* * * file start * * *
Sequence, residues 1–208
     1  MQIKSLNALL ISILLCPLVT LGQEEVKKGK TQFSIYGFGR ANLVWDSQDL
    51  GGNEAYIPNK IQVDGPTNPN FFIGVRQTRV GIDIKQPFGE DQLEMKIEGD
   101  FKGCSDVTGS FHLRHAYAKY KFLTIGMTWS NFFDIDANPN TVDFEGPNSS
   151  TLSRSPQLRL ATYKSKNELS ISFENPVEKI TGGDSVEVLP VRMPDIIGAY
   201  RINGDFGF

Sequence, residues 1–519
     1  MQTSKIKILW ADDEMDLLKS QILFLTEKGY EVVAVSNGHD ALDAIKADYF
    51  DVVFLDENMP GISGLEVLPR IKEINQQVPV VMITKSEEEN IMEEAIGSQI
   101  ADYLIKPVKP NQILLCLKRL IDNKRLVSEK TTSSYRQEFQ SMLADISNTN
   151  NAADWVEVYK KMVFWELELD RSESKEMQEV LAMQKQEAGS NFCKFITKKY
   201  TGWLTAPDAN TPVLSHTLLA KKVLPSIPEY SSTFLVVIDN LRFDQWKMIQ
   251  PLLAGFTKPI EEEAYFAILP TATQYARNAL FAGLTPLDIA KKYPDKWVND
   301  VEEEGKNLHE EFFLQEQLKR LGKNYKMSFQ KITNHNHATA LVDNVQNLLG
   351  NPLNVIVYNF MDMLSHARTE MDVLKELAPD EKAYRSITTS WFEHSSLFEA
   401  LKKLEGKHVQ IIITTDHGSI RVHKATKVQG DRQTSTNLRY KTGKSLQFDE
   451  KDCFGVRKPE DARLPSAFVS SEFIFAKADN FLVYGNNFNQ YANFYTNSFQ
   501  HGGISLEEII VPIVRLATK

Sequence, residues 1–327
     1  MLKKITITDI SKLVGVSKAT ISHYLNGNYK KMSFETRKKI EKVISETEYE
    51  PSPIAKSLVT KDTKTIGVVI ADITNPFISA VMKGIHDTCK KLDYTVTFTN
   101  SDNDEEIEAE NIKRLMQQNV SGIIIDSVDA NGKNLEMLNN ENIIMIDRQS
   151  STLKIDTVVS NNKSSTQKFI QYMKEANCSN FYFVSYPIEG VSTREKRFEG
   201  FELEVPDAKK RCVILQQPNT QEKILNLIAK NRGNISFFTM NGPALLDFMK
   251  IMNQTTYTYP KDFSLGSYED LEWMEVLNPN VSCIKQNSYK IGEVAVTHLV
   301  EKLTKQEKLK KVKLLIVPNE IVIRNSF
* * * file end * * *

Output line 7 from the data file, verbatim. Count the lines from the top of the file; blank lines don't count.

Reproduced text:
Sequence, residues 1–519